Conceptually, Frozen II probably seemed to be a great idea on paper and, certainly, in its artists’ eyes, it is. One could just wish for a little more fire under the snow.

By Heidi Sutton

While Ebenezer Scrooge undergoes a transformation on Theatre Three’s Mainstage in “A Christmas Carol,” Santa’s littlest elf Barnaby experiences a metamorphosis of his own in the theater’s adorable children’s production of “Barnaby Saves Christmas.” The show runs through Dec. 28.

With a clever script by Douglas J. Quattrock and Jeffrey Sanzel with music and lyrics by Quattrock, the holiday production teaches us that Christmas lies within our hearts.

It’s Christmas Eve and the North Pole is a flurry of activity. Barnaby (Eric J. Hughes), the littlest elf in Elf School, is busy making a toy that Santa (Andrew Lenahan) requested — a little stuffed bear with dark blue pants, buckles on his shoes and a bright yellow vest — while desperately trying to fit in. His constant attempts to be helpful fail, as he knocks down presents, bumps into fellow elves Blizzard (Krystal Lawless), Crystal (Nicole Bianco) and Sam (Jason Furnari) and makes a big mess.

When it’s time to deliver the presents to all the good little girls and boys, Barnaby and Blizzard’s fawn, Franklynne (Michelle LaBozzetta), are left behind with Mrs. Claus (Lorrie Maida). “You’ll have to wait to grow a little bit,” explains Sam. Barnaby soon realizes that Santa has left the stuffed bear behind and convinces Franklynne to embark on a journey to find Santa and “save Christmas.”   

On their adventure they crash land on the roof of the house of Sarah (Lorrie Maida) and her nephew Andrew (Andrew Lenahan) and learn all about Hanukkah and the Festival of Lights. They also come across S.B. (spoiled brat) Dombulbury (Steven Uihlein), a Scrooge in his own right who has stuffed up all the chimneys with coal with his partner in crime Irma (Dana Bush), in order to ruin Christmas. Yes, Barnaby will save the day — as evident in the title — but just wait until you see how!

Directed by Sanzel, the cast perfectly executes this beautiful story. The wonderful songs, accompanied on piano by Quattrock, are the heart of the show, with special mention to “Still With a Ribbon on Top” and “Within Our Hearts.”

Costumes by Teresa Matteson and Toni St. John are colorful and festive and the choreography by Nicole Bianco is fresh and fun. Special effects abound, elevated by the futuristic lighting and, spoiler alert, it even snows in the theater!

With the ultimate message to be the very best that you can be, “Barnaby Saves Christmas” is a must see this holiday season.

Souvenir elf and reindeer dolls will be available for purchase during intermission. Stay after the show for a photo keepsake with Santa Claus on stage if you wish — the $5 donation supports the theater’s scholarship fund — and join the rest of the cast in the lobby for a meet and greet.

Theatre Three, 412 Main St., Port Jefferson presents “Barnaby Saves Christmas” through Dec. 28. Children’s Theater continues with “Little Red Riding Hood” from Jan. 18 to Feb. 22 and “Hansel & Gretel” from Feb. 29 to March 21. All seats are $10. To order, call 631-928-9100 or visit www.theatrethree.com.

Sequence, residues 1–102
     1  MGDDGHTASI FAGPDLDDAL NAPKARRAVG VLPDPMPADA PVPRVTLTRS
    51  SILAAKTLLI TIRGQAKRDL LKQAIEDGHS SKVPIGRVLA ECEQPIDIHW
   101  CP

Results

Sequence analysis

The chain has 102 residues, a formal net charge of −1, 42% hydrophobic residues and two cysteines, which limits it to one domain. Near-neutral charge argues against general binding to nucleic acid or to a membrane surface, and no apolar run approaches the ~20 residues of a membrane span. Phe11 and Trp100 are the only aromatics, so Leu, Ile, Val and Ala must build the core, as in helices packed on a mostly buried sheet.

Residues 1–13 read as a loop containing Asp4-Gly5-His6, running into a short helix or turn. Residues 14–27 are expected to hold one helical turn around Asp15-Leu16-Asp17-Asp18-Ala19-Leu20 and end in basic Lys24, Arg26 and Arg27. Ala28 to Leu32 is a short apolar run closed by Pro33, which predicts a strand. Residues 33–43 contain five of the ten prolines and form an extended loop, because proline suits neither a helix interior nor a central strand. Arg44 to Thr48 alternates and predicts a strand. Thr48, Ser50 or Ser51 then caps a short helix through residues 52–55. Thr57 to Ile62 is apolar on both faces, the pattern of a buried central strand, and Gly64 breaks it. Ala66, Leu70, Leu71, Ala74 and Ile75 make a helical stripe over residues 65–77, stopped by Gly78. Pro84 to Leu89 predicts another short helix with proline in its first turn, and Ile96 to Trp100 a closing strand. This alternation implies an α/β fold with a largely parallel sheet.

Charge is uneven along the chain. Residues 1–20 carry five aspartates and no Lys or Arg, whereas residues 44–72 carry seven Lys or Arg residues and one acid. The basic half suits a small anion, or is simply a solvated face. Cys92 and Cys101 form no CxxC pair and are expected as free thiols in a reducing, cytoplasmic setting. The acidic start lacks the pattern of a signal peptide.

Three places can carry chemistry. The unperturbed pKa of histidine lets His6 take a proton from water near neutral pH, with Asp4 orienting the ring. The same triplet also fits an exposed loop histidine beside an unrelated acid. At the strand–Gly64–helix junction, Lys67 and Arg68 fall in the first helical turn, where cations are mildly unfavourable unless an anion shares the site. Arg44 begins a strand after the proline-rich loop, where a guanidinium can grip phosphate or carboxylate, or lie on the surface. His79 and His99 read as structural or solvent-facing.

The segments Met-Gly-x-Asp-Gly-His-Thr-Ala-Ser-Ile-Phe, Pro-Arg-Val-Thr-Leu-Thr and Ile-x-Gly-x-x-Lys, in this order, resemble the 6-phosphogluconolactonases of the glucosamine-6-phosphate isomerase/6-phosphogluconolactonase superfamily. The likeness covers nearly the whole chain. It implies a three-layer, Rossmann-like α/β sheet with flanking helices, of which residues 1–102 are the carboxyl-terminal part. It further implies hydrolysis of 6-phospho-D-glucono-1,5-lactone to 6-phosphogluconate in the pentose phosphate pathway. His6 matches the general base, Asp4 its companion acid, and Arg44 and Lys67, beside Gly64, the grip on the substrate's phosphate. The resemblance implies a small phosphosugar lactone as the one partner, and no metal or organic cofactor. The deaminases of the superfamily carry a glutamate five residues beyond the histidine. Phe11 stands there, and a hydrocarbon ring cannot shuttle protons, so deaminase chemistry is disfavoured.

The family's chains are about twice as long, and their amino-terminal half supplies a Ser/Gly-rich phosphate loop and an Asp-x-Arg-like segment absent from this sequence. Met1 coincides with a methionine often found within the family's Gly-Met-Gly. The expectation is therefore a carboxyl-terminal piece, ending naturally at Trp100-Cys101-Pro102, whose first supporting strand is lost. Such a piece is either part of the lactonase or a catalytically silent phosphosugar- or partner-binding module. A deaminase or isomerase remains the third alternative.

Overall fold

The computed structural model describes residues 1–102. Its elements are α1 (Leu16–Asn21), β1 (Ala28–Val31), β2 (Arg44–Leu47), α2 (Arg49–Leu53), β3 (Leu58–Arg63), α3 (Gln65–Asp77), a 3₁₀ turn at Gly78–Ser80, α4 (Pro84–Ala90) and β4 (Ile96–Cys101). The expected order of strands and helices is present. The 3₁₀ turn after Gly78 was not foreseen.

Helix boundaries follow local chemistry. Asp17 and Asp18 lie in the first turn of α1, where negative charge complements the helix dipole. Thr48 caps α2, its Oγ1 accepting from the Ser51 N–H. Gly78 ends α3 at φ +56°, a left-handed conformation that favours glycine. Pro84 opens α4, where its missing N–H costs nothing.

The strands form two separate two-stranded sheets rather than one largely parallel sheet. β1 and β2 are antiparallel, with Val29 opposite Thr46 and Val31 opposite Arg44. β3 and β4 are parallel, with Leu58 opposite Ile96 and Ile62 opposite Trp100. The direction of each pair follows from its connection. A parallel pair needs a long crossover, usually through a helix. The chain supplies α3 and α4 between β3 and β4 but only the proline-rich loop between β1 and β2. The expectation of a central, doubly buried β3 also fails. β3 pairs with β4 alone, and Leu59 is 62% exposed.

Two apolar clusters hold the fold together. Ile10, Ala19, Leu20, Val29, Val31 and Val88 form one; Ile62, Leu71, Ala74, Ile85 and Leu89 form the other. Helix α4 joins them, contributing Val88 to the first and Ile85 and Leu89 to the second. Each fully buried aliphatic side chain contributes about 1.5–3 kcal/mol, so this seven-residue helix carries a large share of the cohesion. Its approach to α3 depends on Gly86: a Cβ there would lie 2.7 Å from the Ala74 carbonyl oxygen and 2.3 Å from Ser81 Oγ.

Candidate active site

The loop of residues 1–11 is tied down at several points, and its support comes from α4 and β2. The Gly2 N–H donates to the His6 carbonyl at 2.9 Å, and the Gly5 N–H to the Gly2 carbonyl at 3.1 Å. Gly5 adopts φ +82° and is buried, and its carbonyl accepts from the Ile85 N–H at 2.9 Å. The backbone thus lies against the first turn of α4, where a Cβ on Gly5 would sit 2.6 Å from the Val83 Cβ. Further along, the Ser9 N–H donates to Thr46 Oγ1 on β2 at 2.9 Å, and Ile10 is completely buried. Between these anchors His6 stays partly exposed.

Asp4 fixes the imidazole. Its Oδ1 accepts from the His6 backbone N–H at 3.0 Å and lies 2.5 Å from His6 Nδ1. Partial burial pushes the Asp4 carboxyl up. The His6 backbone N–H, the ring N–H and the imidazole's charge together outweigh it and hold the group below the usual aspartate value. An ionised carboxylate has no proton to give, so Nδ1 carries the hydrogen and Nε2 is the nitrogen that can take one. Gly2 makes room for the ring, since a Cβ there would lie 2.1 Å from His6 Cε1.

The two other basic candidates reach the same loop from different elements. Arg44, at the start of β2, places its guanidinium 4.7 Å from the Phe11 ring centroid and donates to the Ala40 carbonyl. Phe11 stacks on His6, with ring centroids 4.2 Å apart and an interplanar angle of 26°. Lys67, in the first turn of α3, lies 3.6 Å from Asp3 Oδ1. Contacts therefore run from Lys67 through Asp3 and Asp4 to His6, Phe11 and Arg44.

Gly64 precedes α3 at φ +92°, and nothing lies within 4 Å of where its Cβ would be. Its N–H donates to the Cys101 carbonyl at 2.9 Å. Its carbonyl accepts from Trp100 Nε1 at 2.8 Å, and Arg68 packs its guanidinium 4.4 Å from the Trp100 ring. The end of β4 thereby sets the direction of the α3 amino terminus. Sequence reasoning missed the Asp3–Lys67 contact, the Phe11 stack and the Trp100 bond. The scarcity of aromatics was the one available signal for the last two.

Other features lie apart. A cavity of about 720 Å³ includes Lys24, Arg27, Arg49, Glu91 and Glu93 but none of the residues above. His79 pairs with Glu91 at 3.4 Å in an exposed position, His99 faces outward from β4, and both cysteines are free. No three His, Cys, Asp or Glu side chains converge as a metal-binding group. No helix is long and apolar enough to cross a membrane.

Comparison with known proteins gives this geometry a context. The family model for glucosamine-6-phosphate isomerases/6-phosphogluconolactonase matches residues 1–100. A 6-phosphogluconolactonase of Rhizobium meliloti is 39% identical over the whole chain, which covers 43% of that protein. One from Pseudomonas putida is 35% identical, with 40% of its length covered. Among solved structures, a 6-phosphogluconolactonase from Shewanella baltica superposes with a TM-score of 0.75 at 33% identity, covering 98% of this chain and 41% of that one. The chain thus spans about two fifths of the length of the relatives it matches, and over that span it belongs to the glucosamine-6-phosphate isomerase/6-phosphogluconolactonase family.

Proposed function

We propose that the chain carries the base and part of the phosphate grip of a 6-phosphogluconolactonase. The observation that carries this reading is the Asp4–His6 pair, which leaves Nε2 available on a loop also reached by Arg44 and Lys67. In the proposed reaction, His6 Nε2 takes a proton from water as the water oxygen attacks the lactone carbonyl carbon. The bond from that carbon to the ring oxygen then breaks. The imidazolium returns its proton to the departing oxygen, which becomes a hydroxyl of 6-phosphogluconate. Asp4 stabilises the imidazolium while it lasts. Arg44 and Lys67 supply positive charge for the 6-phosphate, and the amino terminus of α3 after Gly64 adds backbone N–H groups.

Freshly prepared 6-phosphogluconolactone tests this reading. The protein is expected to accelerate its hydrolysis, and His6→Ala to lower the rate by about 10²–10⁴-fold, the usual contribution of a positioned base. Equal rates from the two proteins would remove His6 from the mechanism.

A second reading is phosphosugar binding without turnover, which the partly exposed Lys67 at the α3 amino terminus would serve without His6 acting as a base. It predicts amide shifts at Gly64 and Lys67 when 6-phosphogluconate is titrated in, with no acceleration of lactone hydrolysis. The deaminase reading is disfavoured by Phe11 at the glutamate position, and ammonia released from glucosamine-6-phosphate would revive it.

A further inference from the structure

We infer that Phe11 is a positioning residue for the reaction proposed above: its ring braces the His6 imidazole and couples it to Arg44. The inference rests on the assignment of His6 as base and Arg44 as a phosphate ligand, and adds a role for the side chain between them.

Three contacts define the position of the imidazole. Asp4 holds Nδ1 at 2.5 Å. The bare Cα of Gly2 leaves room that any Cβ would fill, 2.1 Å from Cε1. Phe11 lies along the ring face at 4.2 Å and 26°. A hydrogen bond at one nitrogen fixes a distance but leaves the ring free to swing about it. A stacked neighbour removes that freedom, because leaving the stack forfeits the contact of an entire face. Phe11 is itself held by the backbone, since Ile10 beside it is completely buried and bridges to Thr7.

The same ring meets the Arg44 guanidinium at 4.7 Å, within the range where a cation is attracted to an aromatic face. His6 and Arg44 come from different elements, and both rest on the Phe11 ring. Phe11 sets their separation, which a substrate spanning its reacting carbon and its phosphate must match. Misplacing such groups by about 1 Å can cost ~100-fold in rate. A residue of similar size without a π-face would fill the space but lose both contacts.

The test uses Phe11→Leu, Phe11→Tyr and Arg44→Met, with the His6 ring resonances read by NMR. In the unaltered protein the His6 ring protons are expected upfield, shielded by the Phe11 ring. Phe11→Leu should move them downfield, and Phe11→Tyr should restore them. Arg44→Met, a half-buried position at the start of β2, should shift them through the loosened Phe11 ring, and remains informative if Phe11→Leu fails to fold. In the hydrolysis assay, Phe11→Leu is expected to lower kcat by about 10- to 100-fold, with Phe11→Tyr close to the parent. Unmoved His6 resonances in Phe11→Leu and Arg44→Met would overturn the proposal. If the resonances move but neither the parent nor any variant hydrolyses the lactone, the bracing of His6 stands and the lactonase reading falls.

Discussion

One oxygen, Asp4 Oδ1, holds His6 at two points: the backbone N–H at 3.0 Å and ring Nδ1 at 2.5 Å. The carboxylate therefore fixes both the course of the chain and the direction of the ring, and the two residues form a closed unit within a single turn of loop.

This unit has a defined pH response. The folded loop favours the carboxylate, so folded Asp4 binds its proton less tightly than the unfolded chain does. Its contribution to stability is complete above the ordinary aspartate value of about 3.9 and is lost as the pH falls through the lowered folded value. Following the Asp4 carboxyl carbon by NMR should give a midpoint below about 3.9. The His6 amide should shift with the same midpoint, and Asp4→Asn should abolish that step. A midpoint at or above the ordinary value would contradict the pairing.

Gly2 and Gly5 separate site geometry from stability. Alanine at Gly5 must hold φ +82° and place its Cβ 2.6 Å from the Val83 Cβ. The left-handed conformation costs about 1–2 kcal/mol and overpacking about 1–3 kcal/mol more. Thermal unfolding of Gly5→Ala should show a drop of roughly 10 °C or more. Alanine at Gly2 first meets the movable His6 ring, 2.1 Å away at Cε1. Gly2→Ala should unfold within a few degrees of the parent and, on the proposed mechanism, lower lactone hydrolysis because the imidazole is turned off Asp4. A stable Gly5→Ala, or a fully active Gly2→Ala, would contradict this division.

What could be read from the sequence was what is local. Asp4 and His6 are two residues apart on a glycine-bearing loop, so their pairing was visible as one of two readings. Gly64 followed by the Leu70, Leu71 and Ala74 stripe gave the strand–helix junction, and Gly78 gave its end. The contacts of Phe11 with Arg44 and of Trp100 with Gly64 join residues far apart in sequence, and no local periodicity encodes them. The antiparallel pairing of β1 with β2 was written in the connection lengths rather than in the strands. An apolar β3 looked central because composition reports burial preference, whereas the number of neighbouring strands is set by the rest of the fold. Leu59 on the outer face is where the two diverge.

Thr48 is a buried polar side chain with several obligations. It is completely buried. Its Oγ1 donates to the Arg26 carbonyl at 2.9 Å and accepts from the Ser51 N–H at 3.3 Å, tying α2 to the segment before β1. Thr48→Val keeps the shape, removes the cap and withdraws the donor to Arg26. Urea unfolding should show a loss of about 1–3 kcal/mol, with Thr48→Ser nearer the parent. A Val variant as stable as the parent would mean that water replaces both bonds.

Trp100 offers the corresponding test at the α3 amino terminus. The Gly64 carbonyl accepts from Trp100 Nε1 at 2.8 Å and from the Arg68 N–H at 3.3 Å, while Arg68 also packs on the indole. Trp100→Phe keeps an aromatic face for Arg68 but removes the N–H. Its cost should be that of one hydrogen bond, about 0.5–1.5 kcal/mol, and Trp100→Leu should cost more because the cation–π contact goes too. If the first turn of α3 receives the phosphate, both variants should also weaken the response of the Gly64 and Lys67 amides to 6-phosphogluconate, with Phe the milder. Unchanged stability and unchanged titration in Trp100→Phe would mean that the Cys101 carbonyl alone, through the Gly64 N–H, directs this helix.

All photos by Peter Lanscombe/Theatre Three Productions Inc.

THANKFUL FOR THE SEASON

Thanks to all the children who entered Times Beacon Record News Media’s first Thanksgiving Coloring Contest and for helping to make it so successful! This year we had 27 entries making it very difficult to choose a winner. Congratulations to Jameson Flaiz of Miller Place, sisters Deryn and Shaelea McNamara of East Setauket and Andrew Cleary of Rocky Point for being this year’s winners and receiving a family four-pack of tickets to see “Barnaby Saves Christmas” at Theatre Three in Port Jefferson. Special thanks to Theatre Three for sponsoring our contest! 

See all of the wonderful entries on this slide show. Happy Thanksgiving!

Annual museum tree lighting set for November 30

Keri Hollander and her family purchased a small live spruce 30 years ago as their first Christmas tree. After the holiday, they planted it in their front yard in Centereach. Now it’s 40 feet high and they offered to donate it to the Suffolk County Vanderbilt Museum for display in the Vanderbilt Mansion Courtyard.

When the museum holds its 32nd annual Tree Lighting event on Saturday, November 30, the Hollander family will be there to turn on the lights. The free family-friendly event, from 4 to 6 p.m., draws several hundred visitors each year.

The program will include performances by the Northport Chorale and singer Eva Erickson, carol singing, ornament-making for children, and a visit from Santa and Mrs. Claus (a great photo opportunity). Visitors can enjoy treats provided by Lidl, Long Island’s next new grocery store. Stop by the Lidl food truck for free snack samples.

J.G. Brands Christmas Tree Sales, Inc., of Woodside, Queens, also donated a tree. The 15-foot balsam will stand in front of the arc of thousand-year-old Carthaginian columns at the entrance to the Vanderbilt Estate.

Sponsored by Northwell Health, the event includes a raffle basket ($129 value): Vanderbilt Family Membership, a one-hour photo session (plus 10 prints) at the Vanderbilt with Janelle Brooke photography, and lots of Vanderbilt gift items and children’s toys from the Museum Gift Shop.